Ole Gunnar Solskjaer has given Manchester United’s players more time off over Christmas but warned them not to be fooled by his nice guy image.
Jose Mourinho had ordered the squad to train at 4pm on Christmas Day before staying at The Lowry Hotel. But Solskjaer has put the session back a couple of hours so they can have more time with their families ahead of the Boxing Day clash with Huddersfield.
However, United’s interim manager believes the players are wrong if they think he cannot match Sir Alex Ferguson’s hairdryer treatment.
‘I’ve got a hairdryer,’ said Solskjaer ahead of his first game at Cardiff this evening. ‘I’m not afraid of laying down the law. You know with your kids, when they disappoint you and you tell them off, you don’t give them chocolate, do you?
‘So you treat players similar to how you treat your kids really, because you want the best for them. You want to guide them and help them.
‘But if I get disappointed? Ask (his children) Noah, Karna and Elijah, or some of the players I had in Molde. Once in a while, you really have to tell them the standards we’ve got.’
The 45-year-old Norwegian dismissed the suggestion power has shifted to the players, as shown by Mourinho’s fall-out with Paul Pogba.
‘I’m not sure the power has gone to the dressing room,’ added Solskjaer. ‘Football has evolved and the gaffer (Ferguson) was in charge of more or less the whole club.The power is with the manager. He picks the team, the tactics, the strategy.
‘The philosophy is in these walls. That legacy is more important than any player power.’
Solskjaer confirmed that he has already spoken to Pogba and the rest of the squad about their use of social media.
Pogba was criticised for posting a photo of himself smirking shortly after Mourinho was sacked on Tuesday, while Antonio Valencia liked a message calling for the Portuguese coach to be axed in October.
‘We’ve spoken about what we expect, what standards we have on and off the pitch,’ said Solskjaer when asked about Pogba, a player he once coached for United’s reserves.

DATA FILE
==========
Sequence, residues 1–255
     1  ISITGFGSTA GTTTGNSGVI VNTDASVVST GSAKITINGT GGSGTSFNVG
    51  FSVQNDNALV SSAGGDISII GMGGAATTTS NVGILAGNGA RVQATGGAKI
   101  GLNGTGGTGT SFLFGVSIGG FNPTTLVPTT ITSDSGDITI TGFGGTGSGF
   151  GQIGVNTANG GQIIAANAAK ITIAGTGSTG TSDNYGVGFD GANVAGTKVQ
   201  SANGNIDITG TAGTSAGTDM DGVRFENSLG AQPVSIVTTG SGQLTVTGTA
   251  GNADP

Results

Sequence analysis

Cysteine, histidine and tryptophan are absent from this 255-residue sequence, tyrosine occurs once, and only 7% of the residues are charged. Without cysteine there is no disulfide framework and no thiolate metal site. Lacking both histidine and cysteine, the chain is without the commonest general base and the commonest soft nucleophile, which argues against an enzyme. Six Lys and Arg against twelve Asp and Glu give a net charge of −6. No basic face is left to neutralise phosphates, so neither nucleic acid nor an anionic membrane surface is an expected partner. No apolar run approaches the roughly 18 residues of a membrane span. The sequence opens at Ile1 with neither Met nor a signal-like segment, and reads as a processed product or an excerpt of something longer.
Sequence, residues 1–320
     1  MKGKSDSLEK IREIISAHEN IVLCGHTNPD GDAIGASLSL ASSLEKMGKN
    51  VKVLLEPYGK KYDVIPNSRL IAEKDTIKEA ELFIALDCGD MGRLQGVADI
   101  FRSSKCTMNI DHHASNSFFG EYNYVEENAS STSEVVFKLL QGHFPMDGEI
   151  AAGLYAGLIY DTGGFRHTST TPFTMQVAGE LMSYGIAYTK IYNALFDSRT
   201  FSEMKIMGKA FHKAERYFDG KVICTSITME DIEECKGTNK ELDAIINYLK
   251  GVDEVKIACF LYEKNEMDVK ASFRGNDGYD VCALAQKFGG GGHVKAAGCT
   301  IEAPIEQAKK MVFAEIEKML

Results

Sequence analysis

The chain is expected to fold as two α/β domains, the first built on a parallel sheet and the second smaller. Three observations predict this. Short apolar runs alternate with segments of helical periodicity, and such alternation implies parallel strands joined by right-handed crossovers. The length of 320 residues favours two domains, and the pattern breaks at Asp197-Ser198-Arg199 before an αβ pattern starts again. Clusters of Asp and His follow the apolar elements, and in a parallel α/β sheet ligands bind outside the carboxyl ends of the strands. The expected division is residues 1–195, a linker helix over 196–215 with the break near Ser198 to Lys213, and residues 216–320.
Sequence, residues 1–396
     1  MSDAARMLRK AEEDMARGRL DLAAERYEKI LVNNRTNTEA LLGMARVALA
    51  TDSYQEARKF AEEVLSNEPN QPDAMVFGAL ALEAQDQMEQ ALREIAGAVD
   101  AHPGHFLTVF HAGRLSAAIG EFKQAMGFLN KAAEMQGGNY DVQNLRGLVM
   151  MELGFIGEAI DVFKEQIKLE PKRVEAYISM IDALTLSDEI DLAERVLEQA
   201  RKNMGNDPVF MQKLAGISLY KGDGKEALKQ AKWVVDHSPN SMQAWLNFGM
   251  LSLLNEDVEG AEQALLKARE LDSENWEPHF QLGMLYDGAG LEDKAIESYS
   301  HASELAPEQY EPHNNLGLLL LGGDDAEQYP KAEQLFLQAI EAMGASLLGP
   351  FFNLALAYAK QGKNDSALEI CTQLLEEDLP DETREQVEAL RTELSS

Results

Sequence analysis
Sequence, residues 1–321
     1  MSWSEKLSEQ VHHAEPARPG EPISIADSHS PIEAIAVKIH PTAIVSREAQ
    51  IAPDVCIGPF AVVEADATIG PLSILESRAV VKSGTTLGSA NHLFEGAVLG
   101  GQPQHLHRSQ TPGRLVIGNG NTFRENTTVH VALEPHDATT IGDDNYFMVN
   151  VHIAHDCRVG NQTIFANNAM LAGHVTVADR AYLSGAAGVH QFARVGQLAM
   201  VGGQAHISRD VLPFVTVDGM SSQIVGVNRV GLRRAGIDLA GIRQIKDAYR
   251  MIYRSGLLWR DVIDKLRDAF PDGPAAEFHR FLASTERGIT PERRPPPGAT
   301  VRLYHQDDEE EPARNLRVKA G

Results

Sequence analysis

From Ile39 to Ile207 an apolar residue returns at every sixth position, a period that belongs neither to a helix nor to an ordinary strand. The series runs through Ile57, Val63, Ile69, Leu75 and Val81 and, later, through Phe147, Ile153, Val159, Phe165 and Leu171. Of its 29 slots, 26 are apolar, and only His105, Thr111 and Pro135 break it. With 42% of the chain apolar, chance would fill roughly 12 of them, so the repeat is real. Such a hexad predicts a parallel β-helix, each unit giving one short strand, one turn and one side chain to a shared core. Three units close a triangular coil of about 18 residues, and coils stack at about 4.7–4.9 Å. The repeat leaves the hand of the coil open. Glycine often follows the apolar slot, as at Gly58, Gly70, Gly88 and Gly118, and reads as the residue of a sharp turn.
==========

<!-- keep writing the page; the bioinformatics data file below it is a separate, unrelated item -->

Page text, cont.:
‘I trust the lads to know what they’re doing, to help the team. Everything we do is to help the team. The world has changed now. I’m not into this social media but what I’ve spoken to them about is just common sense for me.
‘Paul is a terrific lad and when I had him as a kid he was always there, the happy-go-lucky lad.
‘He hasn’t changed personality-wise. He’s a better player, of course, and he’s one I want to get the best out of.’
Solskjaer is on loan from Molde until the end of the season, when United are expected to make an attempt to appoint Tottenham boss Mauricio Pochettino.
But the Old Trafford legend has not given up hope of landing the job on a long-term basis if he succeeds over the next five months.
‘Yes, of course,’ said Solskjaer. ‘There are so many managers who would love to be manager of Manchester United and I am one of them, but it’s not something we’ve talked about. I’m ambitious but I understand the club is doing a process. If we come to May and I’ve done a good job and they’ve found a new manager, fantastic.
‘I have the perfect life back home, I must say. Then suddenly I get this phone call. When you get a job like this and they ask you to sign for five months, you say yes.’
Solskjaer has sought advice from Ferguson since accepting the job and will visit his former boss at home in Cheshire for more.
‘I have been in touch with the gaffer quite a bit,’ he said. ‘I am going to enjoy a nice cup of tea back at his house and sit down to discuss a few ideas. There’s no-one better to get advice from.
‘Sir Alex — and even going all the way back to Sir Matt Busby — installed that way of playing fantastic football.
‘They’ve had three fantastic managers since. But it’s not down to me now to talk about the last five years. It’s about the next five months and to work towards getting us happy, smiling and winning games. We’re too far down the league. We’re not used to being sixth.’
Solskjaer’s first game takes him to Cardiff, where he was sacked in 2014 after a nine-month spell that ended with relegation from the Premier League.
Is he a better manager now? ‘Definitely,’ he said. ‘I’m getting old and the grey hairs are coming. I’ve had 300-400 games as a first-team manager now. That period in Cardiff was a huge step for me. I’ve reflected on it. I made a few mistakes but if you don’t make mistakes you’re not going to learn.’Daily Mail